Thoughts on controversial depictions in Murakami’s novel

March 25, 2021 By mk

I know that some people do not like Murakami’s work because of the sexual scenes and the way the characters (especially the female characters) are portrayed. It is the same in his home country, and some people do not buy his novels for the same reason. However, few people criticise a novelist, whereas politicians and journalists are always heavily criticised, not only for their work, but also for themselves.

One of the reasons behind this attitude is a reflection of having a cult, those depicted in Underground and 1Q84. The hallmark of cults was to give clear answers to people with complex problems. Giving an ‘easy label’ to the author of a creative work that touches something deep within the human heart may act in the same way as if the cult had given easy answers to its followers, even if it was based on goodwill.

The other lesson was a so-called “they-are-different-from-us” logic in the way of thinking. Due to the natural tendency, when people faced a situation that they could not instinctively understand, some often attribute it to the difference between the cultures, value etc. The cult utilised this technique effectively to promote unity within the community, but the negligence of the effort to understand others caused the catastrophe. Even now, some people attribute their failure of understanding of an issue to cultural difference.

Concerning cults, another lesson is the logic of the so-called “they are different from us” in the way we thought when we came into contact with them in the early days. When confronted with someone we instinctively do not understand, it is a natural tendency to use cultural and value differences as a reason. Initially, they were treated as “they are different”. However, the cult made good use of this situation to build unity within the community and get its followers to ignore issues outside the cult, except to take a critical view. And society continued to treat them as “they are different” and, in the end, realised that it had caused a catastrophe. But even now, some people remind us of the methods used by the cult, saying that their inability to understand certain issues is due to a simplified view caused by cultural differences.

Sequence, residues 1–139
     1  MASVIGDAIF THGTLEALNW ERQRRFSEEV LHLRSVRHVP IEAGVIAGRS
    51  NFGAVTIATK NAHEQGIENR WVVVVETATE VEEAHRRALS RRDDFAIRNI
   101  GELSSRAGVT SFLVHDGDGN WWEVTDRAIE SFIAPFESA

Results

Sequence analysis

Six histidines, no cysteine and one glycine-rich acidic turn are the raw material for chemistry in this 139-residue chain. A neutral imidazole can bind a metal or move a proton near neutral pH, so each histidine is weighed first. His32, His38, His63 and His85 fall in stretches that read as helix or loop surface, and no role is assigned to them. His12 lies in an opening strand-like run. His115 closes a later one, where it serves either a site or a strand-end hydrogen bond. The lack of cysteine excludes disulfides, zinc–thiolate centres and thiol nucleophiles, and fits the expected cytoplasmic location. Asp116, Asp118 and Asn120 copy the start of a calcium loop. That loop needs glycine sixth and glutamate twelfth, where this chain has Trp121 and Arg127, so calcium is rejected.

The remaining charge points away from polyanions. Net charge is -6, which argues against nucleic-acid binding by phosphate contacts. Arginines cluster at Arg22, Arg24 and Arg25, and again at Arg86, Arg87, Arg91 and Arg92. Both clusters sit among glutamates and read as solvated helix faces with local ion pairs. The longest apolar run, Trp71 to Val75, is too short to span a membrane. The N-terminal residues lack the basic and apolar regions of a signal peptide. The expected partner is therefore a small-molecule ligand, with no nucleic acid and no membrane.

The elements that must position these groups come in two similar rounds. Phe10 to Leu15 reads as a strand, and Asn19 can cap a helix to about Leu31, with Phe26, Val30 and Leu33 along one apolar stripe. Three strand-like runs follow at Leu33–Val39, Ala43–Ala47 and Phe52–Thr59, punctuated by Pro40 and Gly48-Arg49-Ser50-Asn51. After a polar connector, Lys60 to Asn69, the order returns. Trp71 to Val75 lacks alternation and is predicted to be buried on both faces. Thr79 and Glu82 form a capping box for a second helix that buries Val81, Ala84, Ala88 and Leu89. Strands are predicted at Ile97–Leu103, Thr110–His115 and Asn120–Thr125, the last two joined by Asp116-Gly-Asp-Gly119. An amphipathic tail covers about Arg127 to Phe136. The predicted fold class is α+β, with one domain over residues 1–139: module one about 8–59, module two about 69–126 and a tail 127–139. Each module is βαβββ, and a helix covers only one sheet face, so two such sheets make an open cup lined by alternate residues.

I do not like “everything” in Murakami’s works, including uncomfortable expressions. However, I read Murakami’s works and accept such discomfort as a medium to delve into something unearthly (but if I don’t find it very interesting, just skip the part). I think I am following the way of our ancestors, both East and West, who were able to preserve a cultural heritage that includes things that have been banned or said to be degenerate throughout human history.

I know that some people call Murakami’s expression “problematic”. On the other hand, I also know that novelists are often congested with protagonists and narrators in their novels. As I see it, the higher the ability of the writer, the more such congestion occurs. If the expressions in Murakami’s novels make the reader think, “This is who he is,” I think it is because of the high level of gravity that he has created in his books.

What interested me was that Murakami himself was a henpecked husband, loyal to his wife for 49 years without any rumour of an affair. Yet, he produced such ” impressively characteristic controversial expressions” in his novel. Even if one is merely following a hidden desire to criticise someone from the standpoint of “justice and correctness”, I do not think it is fair to confuse the novelist and the protagonist in the novel when criticising the expressions in the novel novelist’s work.

Due to pandemics and enforced restrictions on activity, people spend more and more time on social networking sites, and platform companies are monetising this attention as commercial value. In this “attention economy”, human mental capacity tends to be driven by sensational catchphrases and simple labelling.

Recently, I was surprised to find a biased translation of some of Murakami’s interview comments on feminism in a popular web article. Most parts of the interview article were translated correctly, so I suspect that it was not a problem with the translator’s linguistic skills, but something else. I understand that catchy articles are easier to circulate and that variant communication occurs, using words derived from the social sciences as an alternative expression of disgust fuelled by social networking sites and emotional exchanges. However, it is of no value on its own.

On 20 March, the day of the gas attack, I prayed at Kasumigaseki underground station. The station staff lost their lives to save the passengers. This time I got to thinking about more than that and thought I would share it here.

We hope that the pandemic will end soon and that the world will be a better place.

(Updated English expression for readability improvement without changing the original meaning on May 5, 2021)